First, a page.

Sidewalk Ragers Under Microscope
Written by Pat's Papers | Tuesday, 15 February 2011 9:56 AM
Muttering. Hostile staring. Giving a “mean face.” Those are the classic moves of a sidewalk rager says the Wall Street Journal. Researchers say “mental venting” about slow walkers makes sidewalk ragers feel better. They’re studying sidewalk rage to see how “how emotions influence decision making, attention and self control.” They say what’s most upsetting to “ragers” is a sense that slow walkers are breaking an unspoken code of civility.
If you suffer from sidewalk rage fall in step behind a headphone wearer. They’re the fastest walkers on the block, moving at 4.42 feet per second. Men (4.42 feet per second) are faster than women (4.10 feet per second) and if you have to choose between tailing a tourist (3.79 feet per second) or a smoker (4.17 feet per second), go with the latter.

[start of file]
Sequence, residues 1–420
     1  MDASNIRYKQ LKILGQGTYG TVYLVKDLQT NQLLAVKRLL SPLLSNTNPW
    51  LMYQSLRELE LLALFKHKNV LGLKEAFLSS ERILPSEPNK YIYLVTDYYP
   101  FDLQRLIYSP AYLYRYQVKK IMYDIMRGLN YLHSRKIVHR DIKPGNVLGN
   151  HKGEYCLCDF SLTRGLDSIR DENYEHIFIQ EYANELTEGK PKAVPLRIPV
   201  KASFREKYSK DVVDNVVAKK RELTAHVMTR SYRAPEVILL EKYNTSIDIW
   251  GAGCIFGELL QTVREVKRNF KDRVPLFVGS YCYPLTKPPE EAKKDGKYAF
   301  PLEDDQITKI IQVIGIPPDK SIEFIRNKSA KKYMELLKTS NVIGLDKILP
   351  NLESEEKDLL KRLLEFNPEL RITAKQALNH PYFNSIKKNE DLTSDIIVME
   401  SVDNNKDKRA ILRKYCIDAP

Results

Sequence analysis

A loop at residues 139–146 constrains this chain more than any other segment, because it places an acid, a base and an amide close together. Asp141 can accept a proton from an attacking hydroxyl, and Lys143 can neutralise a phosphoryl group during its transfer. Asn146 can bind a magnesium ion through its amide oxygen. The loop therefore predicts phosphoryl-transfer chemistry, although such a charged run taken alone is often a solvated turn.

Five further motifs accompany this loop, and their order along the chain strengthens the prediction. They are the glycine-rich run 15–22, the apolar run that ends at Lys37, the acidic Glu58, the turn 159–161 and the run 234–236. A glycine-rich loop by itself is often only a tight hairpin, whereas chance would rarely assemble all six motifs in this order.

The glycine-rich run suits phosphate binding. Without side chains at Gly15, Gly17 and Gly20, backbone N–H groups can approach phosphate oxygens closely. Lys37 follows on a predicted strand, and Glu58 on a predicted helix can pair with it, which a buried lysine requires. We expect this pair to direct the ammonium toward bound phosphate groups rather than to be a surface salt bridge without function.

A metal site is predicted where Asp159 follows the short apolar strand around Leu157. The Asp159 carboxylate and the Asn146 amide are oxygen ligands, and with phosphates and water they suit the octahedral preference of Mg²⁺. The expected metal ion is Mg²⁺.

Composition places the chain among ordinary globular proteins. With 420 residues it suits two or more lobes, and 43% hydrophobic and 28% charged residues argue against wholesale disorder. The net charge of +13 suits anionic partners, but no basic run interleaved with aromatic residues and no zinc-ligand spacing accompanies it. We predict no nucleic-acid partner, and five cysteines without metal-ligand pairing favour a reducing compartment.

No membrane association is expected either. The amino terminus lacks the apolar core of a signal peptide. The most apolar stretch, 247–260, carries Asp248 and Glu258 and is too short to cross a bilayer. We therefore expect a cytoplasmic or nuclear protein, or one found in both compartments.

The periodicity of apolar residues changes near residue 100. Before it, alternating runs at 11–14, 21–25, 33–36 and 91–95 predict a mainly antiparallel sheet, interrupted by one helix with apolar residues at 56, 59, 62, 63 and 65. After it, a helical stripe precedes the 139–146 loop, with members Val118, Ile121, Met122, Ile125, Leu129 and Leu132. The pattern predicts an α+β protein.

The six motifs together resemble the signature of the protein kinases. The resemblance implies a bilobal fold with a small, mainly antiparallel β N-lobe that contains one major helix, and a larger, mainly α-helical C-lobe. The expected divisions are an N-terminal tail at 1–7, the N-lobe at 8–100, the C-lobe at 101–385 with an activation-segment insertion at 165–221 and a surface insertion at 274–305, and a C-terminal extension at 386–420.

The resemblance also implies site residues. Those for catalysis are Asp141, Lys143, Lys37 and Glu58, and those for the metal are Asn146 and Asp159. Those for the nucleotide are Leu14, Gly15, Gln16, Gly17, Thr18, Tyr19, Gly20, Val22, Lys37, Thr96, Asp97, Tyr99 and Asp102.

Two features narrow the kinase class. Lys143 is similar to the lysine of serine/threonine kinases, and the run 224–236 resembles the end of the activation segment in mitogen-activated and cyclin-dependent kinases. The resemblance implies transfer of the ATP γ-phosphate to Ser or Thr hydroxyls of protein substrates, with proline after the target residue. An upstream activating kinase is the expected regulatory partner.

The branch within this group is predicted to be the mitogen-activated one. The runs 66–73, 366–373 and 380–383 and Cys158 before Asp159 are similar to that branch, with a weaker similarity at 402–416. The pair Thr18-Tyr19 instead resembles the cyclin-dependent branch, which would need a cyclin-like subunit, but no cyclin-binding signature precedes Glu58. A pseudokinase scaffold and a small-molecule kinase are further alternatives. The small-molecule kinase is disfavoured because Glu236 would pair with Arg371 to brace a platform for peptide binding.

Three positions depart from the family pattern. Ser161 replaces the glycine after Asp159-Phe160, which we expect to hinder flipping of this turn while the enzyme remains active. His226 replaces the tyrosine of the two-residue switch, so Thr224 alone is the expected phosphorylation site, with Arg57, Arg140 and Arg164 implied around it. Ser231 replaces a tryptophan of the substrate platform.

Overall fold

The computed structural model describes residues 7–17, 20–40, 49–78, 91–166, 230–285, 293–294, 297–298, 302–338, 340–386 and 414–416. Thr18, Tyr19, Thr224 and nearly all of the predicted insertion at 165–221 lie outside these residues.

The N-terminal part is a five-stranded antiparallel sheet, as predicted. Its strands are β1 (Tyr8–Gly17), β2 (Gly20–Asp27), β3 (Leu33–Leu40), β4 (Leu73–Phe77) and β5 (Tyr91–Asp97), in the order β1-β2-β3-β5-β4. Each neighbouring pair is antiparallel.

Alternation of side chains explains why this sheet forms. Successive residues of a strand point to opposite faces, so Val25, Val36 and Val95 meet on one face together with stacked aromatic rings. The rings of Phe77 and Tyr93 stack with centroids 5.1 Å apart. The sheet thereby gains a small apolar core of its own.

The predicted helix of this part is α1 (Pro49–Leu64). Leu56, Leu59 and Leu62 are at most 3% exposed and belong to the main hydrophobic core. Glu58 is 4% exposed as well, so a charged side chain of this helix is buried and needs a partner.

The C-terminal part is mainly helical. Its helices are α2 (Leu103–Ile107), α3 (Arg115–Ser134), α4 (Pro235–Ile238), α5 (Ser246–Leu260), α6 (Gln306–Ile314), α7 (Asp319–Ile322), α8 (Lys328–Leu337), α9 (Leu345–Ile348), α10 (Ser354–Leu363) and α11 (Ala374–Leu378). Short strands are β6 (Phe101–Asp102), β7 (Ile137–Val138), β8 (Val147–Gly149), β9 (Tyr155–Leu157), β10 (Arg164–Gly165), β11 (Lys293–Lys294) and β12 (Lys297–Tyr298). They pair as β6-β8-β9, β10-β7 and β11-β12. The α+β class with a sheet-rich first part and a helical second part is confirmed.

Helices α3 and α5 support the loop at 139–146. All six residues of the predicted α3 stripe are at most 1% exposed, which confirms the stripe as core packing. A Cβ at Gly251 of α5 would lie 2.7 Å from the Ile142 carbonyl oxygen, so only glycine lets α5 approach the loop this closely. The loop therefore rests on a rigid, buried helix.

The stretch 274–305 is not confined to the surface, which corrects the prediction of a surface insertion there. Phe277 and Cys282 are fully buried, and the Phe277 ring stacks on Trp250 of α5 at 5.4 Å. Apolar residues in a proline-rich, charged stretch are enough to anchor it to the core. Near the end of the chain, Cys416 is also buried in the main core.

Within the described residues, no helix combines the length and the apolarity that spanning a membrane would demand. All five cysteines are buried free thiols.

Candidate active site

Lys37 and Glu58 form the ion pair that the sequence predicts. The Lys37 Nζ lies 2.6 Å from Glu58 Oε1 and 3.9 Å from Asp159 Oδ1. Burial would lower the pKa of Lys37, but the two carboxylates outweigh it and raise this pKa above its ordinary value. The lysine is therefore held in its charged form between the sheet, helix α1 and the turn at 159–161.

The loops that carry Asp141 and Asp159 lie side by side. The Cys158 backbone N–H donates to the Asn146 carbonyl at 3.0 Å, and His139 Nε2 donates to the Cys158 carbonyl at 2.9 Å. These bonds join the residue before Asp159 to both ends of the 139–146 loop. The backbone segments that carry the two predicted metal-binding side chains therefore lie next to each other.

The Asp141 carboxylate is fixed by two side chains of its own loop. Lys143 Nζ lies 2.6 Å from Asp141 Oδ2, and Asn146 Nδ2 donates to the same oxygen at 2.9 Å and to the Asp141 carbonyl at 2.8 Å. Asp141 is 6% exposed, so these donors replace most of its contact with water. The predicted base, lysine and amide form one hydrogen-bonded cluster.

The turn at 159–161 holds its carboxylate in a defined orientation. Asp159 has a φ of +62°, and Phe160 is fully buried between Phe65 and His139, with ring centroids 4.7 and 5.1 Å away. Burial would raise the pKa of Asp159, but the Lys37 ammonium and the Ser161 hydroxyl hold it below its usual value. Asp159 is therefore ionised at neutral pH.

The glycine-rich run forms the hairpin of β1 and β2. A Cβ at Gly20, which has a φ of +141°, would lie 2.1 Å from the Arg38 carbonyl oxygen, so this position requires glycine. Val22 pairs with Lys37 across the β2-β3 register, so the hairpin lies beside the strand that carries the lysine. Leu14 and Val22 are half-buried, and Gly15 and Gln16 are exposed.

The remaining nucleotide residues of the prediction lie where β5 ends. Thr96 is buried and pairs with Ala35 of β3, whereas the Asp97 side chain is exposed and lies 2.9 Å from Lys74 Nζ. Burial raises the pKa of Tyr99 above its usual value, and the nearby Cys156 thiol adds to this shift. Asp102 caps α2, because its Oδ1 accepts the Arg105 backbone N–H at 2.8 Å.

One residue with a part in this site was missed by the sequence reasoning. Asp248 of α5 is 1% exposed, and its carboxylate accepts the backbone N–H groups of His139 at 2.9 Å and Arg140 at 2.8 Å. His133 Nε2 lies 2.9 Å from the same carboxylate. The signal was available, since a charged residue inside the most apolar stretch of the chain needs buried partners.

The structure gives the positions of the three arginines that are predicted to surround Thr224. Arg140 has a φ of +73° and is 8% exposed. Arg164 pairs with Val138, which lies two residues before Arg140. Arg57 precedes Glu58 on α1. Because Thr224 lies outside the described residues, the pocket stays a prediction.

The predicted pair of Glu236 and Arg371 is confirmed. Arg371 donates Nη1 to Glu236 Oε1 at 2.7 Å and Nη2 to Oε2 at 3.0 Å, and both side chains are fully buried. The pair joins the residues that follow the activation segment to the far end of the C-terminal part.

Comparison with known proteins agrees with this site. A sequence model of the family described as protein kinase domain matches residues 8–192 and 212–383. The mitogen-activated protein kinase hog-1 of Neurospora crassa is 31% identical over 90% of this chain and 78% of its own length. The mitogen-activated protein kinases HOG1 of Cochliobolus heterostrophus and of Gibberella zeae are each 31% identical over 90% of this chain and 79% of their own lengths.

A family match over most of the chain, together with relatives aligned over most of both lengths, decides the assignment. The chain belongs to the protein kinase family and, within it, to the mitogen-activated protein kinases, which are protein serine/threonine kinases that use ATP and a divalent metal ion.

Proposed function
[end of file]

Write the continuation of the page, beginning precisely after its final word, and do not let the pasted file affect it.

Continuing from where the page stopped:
If you’re not sure whether you suffer from Pedestrian Aggressiveness Syndrome, here’s some more rager behavior. For the full list, click through to the Journal article.
* Having denigrating thoughts about other pedestrians
* Walking by a slower moving pedestrian and cutting back too soon (feels hostile or rude)
* Feeling competitive with other pedestrians
* Acting in a hostile manner (staring, presenting a mean face, moving faster or closer than expected)
* Feeling stress and impatience when walking in a crowded area (crosswalk, staircase, mall, store, airport, street, beach, park, etc.)
* Feeling enraged at other pedestrians and enjoying thoughts of violence
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